Andy Warhol


129 Die in Jet! (1962)

Silver Car Crash (Double Disaster), 1963

It has become routine for us to wake up on a daily basis and to see and read about some gruesome incident, whether overseas or locally we are constantly bombarded with images of death. In 1962 Andy Warhol realised this modern reality, and started to create work which emphasised this, that we can’t run away from death, especially in a world of media where it is constantly on.

In 1962 Warhol created the work Die in a Jet which was a remake of New York Mirror front page which was the story of 129 (later 130) people who died on an Air France plane crash. This work was the beginning of his death and disaster series which mainly consisted of photojournalist images of fatalities, including car accidents, suicides and electric chair images collected from police photo archives and newspapers source material.

One of his works I have been viewing from his series is the piece Silver Car Crash (Double Disaster) which was created in 1963 which is an image of a mangled body in a crushed car repeatedly printed on to a canvas by a silk screen process where it becomes more distorted by every print. The canvas has a similar shape to a newspaper the left hand side has the prints, and the right is blank which I would suggest the text of a newspaper report would be, this blank space gives us the freedom to allow us to place our own story upon the image. However I believe it goes beyond this, I believe it emphasis what is present every day in the media, and that that blank space represents the repetitiveness, that the stories will always be the same and it might as well be blank. The process, which is very mechanical, separates the artist and us to the tragedy, the repeating of the print slowly distorts the image which reflects our numbness to such gruesome pictures.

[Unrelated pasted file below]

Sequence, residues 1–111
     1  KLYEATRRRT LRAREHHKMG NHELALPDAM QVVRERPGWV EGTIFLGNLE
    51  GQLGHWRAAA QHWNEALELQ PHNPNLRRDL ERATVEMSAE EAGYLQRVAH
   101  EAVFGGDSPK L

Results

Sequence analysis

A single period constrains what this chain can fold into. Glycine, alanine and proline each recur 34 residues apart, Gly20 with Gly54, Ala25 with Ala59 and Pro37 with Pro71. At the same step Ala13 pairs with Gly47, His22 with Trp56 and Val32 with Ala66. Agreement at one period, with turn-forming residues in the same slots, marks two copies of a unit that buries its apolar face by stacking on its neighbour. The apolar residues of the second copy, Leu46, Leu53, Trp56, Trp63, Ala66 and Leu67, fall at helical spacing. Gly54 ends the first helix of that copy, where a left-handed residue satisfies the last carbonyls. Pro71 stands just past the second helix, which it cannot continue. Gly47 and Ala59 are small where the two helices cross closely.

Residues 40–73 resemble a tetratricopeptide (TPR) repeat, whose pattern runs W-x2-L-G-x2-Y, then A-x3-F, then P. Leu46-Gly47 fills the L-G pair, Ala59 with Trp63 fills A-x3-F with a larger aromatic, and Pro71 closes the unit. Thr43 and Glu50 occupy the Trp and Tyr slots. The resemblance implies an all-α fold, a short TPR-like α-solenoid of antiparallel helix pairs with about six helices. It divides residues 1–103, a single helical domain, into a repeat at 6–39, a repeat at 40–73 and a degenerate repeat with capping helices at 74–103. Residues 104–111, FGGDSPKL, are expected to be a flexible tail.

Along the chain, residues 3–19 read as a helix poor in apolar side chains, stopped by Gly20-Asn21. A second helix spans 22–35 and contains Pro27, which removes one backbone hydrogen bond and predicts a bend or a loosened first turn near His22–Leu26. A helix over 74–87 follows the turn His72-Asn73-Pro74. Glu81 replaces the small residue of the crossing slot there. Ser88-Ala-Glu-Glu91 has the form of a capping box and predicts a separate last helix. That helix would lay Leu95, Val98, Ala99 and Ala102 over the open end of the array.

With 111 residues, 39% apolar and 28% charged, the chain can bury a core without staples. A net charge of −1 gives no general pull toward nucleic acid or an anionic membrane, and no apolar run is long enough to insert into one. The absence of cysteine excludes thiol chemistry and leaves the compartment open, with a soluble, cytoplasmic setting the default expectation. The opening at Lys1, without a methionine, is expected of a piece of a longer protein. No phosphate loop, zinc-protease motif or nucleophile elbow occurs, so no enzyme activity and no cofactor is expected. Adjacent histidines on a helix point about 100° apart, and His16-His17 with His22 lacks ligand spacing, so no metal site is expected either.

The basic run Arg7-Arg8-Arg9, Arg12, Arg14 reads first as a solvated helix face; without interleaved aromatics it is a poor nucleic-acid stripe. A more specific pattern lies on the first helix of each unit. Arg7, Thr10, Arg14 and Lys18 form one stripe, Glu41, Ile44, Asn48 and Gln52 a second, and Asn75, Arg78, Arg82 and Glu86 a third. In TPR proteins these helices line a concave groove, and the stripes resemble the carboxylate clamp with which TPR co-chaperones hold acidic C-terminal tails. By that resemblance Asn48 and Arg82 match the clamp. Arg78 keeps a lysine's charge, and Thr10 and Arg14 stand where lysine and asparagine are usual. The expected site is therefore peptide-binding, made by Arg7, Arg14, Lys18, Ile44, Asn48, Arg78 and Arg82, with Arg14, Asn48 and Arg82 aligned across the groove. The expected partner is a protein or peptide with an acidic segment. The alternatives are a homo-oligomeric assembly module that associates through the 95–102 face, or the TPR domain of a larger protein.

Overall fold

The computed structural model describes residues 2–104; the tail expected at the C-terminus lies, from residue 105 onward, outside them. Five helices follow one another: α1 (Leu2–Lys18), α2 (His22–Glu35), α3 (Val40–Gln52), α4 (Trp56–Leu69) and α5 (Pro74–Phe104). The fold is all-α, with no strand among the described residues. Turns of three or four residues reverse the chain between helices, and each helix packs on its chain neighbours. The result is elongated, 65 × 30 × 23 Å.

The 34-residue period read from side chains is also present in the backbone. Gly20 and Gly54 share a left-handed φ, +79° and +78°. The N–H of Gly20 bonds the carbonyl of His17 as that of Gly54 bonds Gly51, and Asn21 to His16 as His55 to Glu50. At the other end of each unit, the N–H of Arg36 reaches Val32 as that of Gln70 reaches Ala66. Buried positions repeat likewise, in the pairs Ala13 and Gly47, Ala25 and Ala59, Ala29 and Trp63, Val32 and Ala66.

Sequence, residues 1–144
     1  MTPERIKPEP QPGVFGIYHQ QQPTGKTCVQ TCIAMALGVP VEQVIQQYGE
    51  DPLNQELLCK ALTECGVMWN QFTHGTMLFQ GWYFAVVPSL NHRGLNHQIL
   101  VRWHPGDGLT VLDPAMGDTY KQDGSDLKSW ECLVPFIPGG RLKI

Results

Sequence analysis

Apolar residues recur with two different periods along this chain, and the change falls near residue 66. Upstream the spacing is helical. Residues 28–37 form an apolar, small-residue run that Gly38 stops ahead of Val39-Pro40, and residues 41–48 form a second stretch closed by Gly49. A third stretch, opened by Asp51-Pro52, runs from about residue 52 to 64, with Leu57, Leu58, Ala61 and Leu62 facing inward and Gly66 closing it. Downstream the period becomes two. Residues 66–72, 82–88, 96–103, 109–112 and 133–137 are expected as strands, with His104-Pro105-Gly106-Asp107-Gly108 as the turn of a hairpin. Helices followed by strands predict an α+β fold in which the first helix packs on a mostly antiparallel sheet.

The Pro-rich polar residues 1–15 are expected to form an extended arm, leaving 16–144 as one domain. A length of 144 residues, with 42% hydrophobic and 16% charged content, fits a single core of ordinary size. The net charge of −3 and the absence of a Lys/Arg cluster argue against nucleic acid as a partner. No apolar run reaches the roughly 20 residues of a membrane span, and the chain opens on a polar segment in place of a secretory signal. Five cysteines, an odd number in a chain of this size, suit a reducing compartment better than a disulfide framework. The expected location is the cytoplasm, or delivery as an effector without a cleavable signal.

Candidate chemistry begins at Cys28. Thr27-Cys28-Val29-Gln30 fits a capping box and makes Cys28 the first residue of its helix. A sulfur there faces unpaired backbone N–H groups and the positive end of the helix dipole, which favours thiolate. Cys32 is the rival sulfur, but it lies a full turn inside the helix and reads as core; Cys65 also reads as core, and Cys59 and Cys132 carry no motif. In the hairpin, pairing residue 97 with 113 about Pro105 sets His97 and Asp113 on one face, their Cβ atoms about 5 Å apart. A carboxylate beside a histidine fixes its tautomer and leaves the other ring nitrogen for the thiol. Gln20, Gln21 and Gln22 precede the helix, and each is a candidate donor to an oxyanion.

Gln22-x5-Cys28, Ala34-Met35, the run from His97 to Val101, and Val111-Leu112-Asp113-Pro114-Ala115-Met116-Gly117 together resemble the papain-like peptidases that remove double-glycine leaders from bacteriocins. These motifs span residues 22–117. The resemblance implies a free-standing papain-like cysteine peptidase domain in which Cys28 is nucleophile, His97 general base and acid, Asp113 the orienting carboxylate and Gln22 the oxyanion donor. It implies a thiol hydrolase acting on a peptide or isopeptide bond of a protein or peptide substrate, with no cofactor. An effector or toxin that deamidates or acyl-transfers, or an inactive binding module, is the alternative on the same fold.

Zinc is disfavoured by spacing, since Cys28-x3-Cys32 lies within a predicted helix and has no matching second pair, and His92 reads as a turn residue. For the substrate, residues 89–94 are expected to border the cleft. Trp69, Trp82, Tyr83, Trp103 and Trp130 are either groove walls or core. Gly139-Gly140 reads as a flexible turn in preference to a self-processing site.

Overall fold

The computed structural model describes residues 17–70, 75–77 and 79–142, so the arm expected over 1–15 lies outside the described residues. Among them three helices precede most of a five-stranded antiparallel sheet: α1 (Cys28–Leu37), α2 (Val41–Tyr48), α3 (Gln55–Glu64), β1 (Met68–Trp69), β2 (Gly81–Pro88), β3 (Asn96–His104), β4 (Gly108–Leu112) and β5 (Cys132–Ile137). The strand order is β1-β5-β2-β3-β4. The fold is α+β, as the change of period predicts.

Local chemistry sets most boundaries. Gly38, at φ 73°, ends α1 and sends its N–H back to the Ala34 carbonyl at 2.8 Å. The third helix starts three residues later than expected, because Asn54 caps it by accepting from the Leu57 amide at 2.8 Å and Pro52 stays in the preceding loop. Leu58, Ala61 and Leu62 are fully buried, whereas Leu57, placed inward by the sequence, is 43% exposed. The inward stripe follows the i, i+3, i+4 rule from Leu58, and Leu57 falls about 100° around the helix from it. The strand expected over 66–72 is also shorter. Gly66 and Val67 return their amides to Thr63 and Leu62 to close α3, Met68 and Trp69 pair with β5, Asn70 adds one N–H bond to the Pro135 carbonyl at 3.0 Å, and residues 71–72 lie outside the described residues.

When viewing these works I wasn’t shocked – I realised I am in some ways impervious to the horrors in the images, although I understand it is horrible I feel disaffected by it, separated, and in a way accustomed. The prints’ aesthetic looks sort of like a movie reel and I think that is partially the reason why I feel so unaffected. I am removed from these incidents as we who are so fortunate so often are from the horrors in the news today – to the point where they no longer feel real.    

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